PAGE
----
Whenever schemes like this have been introduced growers have responded by expanding production. They do this because government prices guarantee profitable, risk-free production that bears no relation to demand. Large volumes of produce are wasted. These schemes are a great drain on government resources that could be spent better elsewhere (e.g. by stimulating local demand, developing new markets or improving rural infrastructure).

Food processing to utilize surpluses

When prices fall because of overproduction it is often recommended that a food-processing plant be established to utilize the surplus.

Profitable food-processing industries cannot be based on the occasional supply of raw material when the fresh market is glutted. Processing requires investment in expensive machinery. Successful plants have to have a guaranteed supply of raw material and generally must enter into contracts with growers to ensure that supply is evenly extended over the longest possible supply season. They must produce processed products for which there is a demand and which can be sold profitably.

Subsidized transport

Farmers often request that the government or an NGO subsidizes their transport to market.

The farmers rapidly build up a dependency on the subsidized transport. The costs to government are generally unsustainable and the NGO often runs out of funding after a few years. When the subsidized transport is withdrawn this will destroy farmers' livelihoods and cut off their income.

Ultra-modern, post-harvest techniques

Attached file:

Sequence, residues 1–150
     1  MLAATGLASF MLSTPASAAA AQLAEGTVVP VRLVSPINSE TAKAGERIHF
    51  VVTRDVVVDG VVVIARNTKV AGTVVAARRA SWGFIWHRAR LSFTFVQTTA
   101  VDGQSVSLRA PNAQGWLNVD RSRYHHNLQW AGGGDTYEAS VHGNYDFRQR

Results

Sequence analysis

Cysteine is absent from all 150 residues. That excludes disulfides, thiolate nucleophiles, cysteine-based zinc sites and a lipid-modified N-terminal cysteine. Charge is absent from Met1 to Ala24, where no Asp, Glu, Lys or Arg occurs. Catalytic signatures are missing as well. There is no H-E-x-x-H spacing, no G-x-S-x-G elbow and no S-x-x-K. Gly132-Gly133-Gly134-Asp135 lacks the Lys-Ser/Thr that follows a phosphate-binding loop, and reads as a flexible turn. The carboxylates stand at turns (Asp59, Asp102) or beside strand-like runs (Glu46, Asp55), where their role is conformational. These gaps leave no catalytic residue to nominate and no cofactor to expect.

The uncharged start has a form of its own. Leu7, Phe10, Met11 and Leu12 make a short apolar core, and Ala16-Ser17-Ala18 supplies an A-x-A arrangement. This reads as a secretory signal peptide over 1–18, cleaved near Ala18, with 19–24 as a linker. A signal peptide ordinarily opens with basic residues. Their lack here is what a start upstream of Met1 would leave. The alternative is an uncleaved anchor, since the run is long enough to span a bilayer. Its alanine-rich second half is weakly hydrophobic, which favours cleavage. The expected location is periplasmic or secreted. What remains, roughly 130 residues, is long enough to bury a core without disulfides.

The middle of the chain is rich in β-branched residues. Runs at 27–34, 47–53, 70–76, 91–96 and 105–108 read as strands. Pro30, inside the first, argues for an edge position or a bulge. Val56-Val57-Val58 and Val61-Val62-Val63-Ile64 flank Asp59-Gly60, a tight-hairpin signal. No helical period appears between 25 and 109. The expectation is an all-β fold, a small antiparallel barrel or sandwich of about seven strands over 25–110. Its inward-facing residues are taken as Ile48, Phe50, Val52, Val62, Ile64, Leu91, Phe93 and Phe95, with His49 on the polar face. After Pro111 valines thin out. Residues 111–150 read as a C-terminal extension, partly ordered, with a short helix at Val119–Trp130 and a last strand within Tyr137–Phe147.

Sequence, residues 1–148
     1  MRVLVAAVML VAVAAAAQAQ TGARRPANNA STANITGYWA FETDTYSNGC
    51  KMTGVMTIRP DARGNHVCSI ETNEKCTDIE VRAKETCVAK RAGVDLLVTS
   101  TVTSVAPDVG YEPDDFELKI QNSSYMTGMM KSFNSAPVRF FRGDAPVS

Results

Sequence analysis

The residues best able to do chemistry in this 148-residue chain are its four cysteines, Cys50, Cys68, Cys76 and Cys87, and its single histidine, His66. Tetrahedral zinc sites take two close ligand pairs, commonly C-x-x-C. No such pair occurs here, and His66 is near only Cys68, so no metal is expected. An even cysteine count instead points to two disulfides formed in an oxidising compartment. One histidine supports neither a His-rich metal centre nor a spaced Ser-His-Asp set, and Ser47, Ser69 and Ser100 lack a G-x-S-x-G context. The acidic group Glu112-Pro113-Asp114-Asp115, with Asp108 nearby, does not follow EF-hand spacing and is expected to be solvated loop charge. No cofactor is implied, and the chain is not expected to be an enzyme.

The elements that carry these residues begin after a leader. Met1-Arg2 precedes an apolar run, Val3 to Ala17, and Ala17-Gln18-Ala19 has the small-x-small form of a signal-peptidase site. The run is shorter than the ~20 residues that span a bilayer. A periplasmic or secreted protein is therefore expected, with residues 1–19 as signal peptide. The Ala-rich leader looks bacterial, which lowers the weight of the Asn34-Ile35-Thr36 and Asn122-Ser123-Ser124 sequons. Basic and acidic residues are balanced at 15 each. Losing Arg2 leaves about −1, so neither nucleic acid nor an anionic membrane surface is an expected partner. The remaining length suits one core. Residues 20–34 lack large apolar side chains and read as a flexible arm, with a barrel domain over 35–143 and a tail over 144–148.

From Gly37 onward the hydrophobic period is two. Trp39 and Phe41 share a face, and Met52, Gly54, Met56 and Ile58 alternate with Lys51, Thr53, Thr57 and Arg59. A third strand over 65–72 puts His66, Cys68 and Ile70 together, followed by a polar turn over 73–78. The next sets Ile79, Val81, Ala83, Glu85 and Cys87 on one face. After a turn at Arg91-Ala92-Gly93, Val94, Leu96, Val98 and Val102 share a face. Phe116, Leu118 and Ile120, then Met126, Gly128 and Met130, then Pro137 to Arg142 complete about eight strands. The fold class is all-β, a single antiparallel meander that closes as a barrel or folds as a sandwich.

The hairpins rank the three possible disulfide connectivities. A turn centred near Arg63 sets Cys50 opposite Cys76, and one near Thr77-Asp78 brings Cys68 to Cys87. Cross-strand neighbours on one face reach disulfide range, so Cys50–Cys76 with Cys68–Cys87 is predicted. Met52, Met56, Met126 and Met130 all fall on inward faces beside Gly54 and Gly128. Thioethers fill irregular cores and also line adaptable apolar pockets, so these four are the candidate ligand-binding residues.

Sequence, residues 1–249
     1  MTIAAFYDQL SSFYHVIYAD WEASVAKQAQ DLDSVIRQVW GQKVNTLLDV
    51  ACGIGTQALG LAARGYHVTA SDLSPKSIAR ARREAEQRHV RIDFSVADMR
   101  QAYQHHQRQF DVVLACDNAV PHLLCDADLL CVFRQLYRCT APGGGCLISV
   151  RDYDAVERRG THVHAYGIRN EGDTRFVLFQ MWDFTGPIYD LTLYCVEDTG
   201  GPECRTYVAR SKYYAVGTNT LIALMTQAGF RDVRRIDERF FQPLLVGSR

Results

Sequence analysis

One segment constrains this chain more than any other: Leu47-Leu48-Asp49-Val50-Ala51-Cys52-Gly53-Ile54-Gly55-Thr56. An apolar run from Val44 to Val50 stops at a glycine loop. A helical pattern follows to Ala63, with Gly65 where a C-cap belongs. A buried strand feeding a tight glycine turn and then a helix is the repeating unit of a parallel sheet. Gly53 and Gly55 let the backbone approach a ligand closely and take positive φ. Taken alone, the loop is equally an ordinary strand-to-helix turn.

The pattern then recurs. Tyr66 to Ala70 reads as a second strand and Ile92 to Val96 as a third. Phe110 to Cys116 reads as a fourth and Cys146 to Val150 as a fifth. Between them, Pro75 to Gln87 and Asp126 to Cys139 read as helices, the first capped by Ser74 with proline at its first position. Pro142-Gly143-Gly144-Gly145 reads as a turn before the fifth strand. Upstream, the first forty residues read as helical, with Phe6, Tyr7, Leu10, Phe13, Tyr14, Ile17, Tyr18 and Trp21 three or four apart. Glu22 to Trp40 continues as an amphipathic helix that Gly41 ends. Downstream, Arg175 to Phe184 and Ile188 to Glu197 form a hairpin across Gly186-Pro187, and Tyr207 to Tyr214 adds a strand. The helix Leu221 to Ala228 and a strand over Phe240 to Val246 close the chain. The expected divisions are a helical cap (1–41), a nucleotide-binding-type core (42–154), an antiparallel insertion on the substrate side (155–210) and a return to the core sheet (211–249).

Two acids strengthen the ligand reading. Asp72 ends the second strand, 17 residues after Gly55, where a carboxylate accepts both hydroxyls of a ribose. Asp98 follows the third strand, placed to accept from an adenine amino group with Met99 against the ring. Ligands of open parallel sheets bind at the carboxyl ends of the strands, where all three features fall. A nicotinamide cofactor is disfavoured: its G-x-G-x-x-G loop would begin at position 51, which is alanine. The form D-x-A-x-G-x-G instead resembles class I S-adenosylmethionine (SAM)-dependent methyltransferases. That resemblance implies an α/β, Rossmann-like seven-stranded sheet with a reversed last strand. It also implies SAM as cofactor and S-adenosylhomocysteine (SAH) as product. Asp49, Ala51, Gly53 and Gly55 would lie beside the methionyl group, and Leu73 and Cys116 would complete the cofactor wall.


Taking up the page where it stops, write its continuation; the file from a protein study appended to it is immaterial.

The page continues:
The introduction of sophisticated post-harvest technologies, such as expensive packaging and a cool chain, is expected to reduce crop wastage.

Modern technologies are no substitute for good management. It is only after basic good practices have been introduced successfully that investments should be considered in expensive technology.

Direct involvement of the extension officer in business decisions

An extension officer makes decisions for the farmer or becomes directly involved in trading.

It is vital that an extension officer always allows the farmer and the buyer to come to an agreement together. If there is a dispute or if either party is unhappy, it is very easy for them to blame the officer. It is only by being impartial that the extension officer can avoid blame if anything goes wrong and is able to resolve disputes.

Change for the sake of change

A government department with responsibilities for marketing may feel obliged to change the existing system.

What is not often fully appreciated is that most marketing systems have evolved in the way they have for very good reasons and will continue to respond to changing market requirements. Like all systems a marketing system will be less than perfect. However, if the system functions reasonably well, if there is competition and if produce is well distributed around the country, then governments should be extremely cautious about trying to impose unnecessary changes. These could destroy the system that is meant to be improved.

Storage of produce to exploit price rises

It is commonly thought that, in times of oversupply, produce can be held in storage and marketed when price rises occur.

Most horticultural crops are only suitable for short-term storage. Storage is expensive and detracts from freshness and quality. In most situations, when produce is brought out of store it has to compete with fresher produce. The result is reduced prices and the farmer having to pay for the storage costs as well. Relatively few crops are suitable for long-term storage. If prices are low at harvest growers place a high proportion into storage. When these crops are marketed out of storage there is fierce price competition. Traders rarely make the mistake of storing produce for which there is no demand, but governments sometimes seek to intervene in marketing systems by promoting storage development.

Government-run trading operations

Traders are often accused of making excessive profits. Government-run horticultural trading operations are thought to result in improved grower returns and lower consumer prices.